Wednesday, March 31, 2010

Of Local Interest

If you're in the Bucks County, PA area and have nothing to do on Wednesday, May 19th, there may still be some spaces available for this class:

NEW ONE-NIGHT CLASS
Eat Global, Go Local Cooking
Bucks County is fertile ground for locally grown free-range and/or organic poultry and eggs; pasture-raised and hormone- and antibiotic-free beef, pork, and lamb; and artisanal cheeses, yogurt, and ice cream. Prepare a Bucks County farm-to-table dinner, including some unusual vegetables like fava beans and fennel. We’ll discuss where to purchase local foods and how to store them to retain nutrients and
flavor. Fee: $20 (Plus $20 fee to instructor for food) Course: RCULI 4067 Sec C80
Wed., May 19, 7-9 pm | Instructor: Diana Cercone, Food and Travel Writer

I'm not a locavore by any stretch of the imagination; however, it's hard to pin down everything available in this area as so many places aren't online and advertise simply by word-of-mouth. And I'd really like to know where the cheesemakers are! While I find it rather funny that fava beans and fennel are considered unusual(!), it sounds like a good way to find out who's who and what may be worth a drive.

Call 215-968-8409 and just follow the instructions to register. I think it will be forty bucks well spent.

Thursday, March 11, 2010

Seriously?

In today's New York Daily News, there is an article about a New York state assemblyman, Felix Ortiz, who wants to ban salt in all New York restaurants.

Yes, I said salt. You can read the article here: NY Salt Ban. In short:

"No owner or operator of a restaurant shall use salt in any form in the preparation of any food," the bill reads.

Ortiz reckons that his bill is designed to save lives; I reckon it's yet another way to take personal responsibility away from people. Thirty years ago, when my parents were stretching their food budget, they always included vegetables with meals, and fruit was readily available for snacking. This does not mean that Tastykakes, potato chips, and Hamburger Helper were not on standby, but they were the exceptions and not for daily consumption.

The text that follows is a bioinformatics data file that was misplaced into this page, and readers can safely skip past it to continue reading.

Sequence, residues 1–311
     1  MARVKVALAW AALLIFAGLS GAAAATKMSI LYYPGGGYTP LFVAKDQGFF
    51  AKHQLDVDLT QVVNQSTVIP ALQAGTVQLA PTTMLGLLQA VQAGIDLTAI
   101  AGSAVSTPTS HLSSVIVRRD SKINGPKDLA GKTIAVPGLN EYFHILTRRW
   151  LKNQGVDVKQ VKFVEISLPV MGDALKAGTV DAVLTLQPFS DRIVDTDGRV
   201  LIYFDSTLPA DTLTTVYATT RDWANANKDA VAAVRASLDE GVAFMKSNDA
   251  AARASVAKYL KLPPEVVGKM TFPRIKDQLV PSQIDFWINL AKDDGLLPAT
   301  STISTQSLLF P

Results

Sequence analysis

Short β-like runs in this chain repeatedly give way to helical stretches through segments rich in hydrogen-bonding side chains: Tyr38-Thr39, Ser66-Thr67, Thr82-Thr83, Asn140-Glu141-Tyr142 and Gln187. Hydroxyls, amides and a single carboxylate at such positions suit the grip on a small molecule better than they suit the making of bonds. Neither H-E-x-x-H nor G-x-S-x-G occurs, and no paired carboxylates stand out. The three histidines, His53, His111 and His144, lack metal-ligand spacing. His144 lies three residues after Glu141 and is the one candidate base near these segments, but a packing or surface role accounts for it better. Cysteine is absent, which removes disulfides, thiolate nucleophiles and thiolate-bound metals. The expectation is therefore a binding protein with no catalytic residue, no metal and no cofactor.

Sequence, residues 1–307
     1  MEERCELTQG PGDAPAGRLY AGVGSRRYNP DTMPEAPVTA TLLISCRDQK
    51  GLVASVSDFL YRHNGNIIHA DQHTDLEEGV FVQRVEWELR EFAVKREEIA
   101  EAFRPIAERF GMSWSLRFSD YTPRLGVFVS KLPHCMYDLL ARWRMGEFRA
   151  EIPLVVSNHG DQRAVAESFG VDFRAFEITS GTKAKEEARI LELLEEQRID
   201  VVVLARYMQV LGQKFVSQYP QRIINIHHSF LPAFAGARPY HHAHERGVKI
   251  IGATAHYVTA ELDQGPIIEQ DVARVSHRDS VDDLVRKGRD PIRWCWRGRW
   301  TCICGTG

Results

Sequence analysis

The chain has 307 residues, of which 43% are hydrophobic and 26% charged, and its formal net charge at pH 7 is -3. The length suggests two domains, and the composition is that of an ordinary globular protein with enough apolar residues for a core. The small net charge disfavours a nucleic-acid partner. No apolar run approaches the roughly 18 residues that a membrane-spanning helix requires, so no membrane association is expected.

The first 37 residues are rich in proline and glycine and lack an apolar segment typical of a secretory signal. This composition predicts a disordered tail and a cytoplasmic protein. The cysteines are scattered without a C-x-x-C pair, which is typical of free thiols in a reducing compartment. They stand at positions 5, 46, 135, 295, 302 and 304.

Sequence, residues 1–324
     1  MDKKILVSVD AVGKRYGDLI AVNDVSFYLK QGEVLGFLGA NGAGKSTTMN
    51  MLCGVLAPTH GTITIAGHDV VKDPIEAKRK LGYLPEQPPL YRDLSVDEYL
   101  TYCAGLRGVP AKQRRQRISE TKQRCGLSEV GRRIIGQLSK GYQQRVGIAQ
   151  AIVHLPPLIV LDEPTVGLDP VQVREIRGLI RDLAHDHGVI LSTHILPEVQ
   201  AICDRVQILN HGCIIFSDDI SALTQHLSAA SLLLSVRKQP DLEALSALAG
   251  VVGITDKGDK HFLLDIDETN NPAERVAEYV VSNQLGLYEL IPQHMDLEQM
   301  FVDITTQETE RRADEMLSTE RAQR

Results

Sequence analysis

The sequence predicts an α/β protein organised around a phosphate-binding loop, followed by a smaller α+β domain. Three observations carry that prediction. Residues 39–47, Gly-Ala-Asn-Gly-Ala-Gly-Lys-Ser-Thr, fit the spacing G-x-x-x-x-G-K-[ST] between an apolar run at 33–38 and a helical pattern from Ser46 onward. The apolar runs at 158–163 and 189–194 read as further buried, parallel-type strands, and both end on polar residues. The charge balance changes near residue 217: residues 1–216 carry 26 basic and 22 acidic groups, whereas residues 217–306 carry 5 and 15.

Fast forward to today, when there is a plethora of nutritional information available. There are healthy cooking shows, a huge selection of healthy cookbooks, and every news show has at least one doctor or R.D. with his/her own healthy eating segment. And yet we are a fat nation, struggling with diabetes, heart disease, and now, hypertension. And what do people do? Blame the environment around them:

"I live too close to McDonald's."

"I don't know/have time to cook healthy meals."

"I can't afford to eat fresh food."

I call bravo sierra on all of this. In today's information age, there is no excuse except laziness. It is all too easy to drop ten bucks on cheeseburgers and fries and then complain when jeans are too tight or the children are out of breath just getting out of bed in the morning. Every family knows that too much of anything is bad, whether it is fat, sugar, or, in this case, salt. But telling the government that it is okay for them to make these decisions, that it is okay for them to take away personal responsibility is wrong. I know that the grinder and fries I had last night would mean extra time on the weight bench today; however, it pleases me that I had the choice to make the call and tip the delivery man for bringing me a hot meal, and I enjoyed every bite. Too much salt? Maybe. But I didn't cook the meal; if I wanted something salt-free I could have easily poached a chicken breast and had a bowl of lettuce and flashed back to my days as a dietary aide in a nursing home, trying to convince people that a salt-free diet was "really tasty!" Ugh.

When I go out to eat, I want to savor every bite. I want a chef who knows my meal is properly seasoned before it is placed in front of me. If I feel it needs a bit of tweaking, I want the option to add a little salt or pepper of my own. If I choose to upend an entire shaker of salt on to my lovingly seared ahi tuna well, it's my meal, my health, and my dollar. The key word being "my." I chose the restaurant, the wine, the entree; I don't want the government looking over my shoulder and lecturing me about every bite.

Back off, Big Brother, please. You're violating my personal space.